Friday, March 4, 2011


Being an English teacher in a foreign country you get to celebrate a lot of holidays. Of course you get to celebrate or at least recognize the host country holidays, but you are also charged with the responsibility of appropriately representing your own holidays and how they are celebrated. Here in Romania, English teachers are well into the spring holiday run even though spring hasn't really come yet. This run seems to start with St. Valentines Day which is followed by its Romanian counterpart ten days later, Dragobete. Fast-forward just five days and it's Martisor already which is followed by 8 Martie, or Mothers Day, one week later. The first week of March begins and ends with a celebration focused on women so I simply consider it woman's week. During that week I am more consciously polite to any women that I may encounter. Finally, ten days after 8 martie we arrive at one of my personal favorites, St Patty's Day. At the moment we are in the midst of woman's week so I'd like to say a few words about my favorite Romanian holiday, Mărţişor.

Mărţişor is a celebration of the beginning of spring. The first flower that brings in the season is the snow drop and it is given as a small gift on the first of March. Leading up to Martisor you begin to see stands pop up throughout town offering small gifts. The basic, cheap, Martisor gift is a small ornament in a box with a red and white string tied to it. This ornament can be pinned to ones shirt. There are also more complex Martisor gifts ranging from bouquets of flowers to various display ornaments. Whatever the gift is, cheap or more elaborate, it is always well appreciated. Martisor gifts are always given to women. Sorry guys. Many students will bring them to their women teachers, or male colleagues will give them to their women colleagues. Martisor technically means "little March" or "Dear March".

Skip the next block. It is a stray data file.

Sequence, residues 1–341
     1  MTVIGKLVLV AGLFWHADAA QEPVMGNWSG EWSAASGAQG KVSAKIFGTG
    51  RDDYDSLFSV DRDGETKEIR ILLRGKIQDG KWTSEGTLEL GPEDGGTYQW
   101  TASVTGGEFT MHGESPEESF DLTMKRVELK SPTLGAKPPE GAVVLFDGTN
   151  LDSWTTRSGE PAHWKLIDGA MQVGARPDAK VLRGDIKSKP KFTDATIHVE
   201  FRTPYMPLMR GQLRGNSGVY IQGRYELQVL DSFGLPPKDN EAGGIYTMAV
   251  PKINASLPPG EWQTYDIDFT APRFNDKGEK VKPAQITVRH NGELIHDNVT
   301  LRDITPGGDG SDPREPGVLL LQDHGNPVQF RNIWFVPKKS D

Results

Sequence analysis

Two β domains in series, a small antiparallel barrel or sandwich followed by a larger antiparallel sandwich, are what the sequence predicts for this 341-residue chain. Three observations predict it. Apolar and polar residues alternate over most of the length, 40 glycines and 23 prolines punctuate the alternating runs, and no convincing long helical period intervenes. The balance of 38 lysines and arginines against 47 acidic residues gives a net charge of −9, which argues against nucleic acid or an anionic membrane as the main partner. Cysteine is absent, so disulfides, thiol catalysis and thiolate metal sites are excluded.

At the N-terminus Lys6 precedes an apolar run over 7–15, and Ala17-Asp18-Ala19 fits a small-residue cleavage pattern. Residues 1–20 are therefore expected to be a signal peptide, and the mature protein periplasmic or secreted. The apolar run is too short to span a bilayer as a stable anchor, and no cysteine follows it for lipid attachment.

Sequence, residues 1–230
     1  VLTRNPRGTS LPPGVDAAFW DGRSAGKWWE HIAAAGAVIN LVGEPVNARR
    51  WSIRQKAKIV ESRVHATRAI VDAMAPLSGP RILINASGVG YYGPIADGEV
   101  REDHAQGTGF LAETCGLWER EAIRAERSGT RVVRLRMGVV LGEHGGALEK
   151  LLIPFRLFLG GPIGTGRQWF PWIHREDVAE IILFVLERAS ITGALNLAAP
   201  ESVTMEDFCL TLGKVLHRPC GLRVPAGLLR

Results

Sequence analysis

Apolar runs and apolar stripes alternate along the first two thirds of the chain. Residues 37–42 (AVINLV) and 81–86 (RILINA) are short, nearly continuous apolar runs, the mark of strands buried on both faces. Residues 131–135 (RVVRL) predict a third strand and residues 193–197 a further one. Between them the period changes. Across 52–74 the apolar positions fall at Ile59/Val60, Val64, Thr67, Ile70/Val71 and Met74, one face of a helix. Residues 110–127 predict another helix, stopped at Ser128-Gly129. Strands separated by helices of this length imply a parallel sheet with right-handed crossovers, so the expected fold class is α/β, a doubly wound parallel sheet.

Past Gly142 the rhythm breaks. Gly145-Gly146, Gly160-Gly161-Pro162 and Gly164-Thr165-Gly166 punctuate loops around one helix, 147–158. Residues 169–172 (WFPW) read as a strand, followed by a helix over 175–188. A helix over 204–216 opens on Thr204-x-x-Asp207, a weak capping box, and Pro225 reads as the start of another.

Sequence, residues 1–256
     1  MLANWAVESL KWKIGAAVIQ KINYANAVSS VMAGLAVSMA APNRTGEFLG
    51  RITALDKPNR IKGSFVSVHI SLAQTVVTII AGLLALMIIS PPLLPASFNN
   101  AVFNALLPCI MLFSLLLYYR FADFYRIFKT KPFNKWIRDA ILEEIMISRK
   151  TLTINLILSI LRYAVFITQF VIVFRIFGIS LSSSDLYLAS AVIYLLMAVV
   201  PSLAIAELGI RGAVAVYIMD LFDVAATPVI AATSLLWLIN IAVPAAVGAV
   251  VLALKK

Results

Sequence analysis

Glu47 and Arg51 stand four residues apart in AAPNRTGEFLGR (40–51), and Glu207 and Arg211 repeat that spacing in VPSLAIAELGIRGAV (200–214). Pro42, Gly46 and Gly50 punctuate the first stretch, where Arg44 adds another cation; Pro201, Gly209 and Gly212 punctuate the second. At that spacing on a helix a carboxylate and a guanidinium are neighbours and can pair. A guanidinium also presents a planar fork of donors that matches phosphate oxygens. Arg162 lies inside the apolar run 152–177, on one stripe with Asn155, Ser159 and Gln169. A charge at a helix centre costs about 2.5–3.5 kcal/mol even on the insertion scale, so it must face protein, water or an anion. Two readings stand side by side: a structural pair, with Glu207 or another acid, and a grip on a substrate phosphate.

Last year, when I first saw Martisoare, they actually did seem to signify spring. I remember it being a nice spring day when I was looking through the piles of brightly colored ornaments, picking out some for my colleagues. The snow drops were a welcomed sight and I remember that I started seeing Crocuses on the Parang footpath only a week or two later. After the Crocuses came the Narcissus, my favorite springtime flower. Spring evolved and became, by far, my favorite time of the year here in the Jiu Valley. This year has already turned out to be a bit different. It was a colder, longer winter already and an end is not yet in sight. I can't complain too much as this type of weather is expected here and still, in the cold, I manage to have some pretty great outdoor adventures. Last year we were lucky to have an easy, mild, short-lived winter. Either way, I am eagerly waiting spring. During this year's Martisor I spent a little less time scanning the tables of gifts. There was a warm fruit tea calling my name nearby.

Thursday, March 3, 2011

March 1st